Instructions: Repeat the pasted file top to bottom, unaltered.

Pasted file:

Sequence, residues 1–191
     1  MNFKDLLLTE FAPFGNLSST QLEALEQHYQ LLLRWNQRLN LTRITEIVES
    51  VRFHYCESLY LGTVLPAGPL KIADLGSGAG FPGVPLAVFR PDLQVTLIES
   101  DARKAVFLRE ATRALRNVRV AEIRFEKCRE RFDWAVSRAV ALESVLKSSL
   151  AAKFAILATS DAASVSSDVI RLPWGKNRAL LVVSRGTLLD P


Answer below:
Sequence, residues 1–191
     1  MNFKDLLLTE FAPFGNLSST QLEALEQHYQ LLLRWNQRLN LTRITEIVES
    51  VRFHYCESLY LGTVLPAGPL KIADLGSGAG FPGVPLAVFR PDLQVTLIES
   101  DARKAVFLRE ATRALRNVRV AEIRFEKCRE RFDWAVSRAV ALESVLKSSL
   151  AAKFAILATS DAASVSSDVI RLPWGKNRAL LVVSRGTLLD P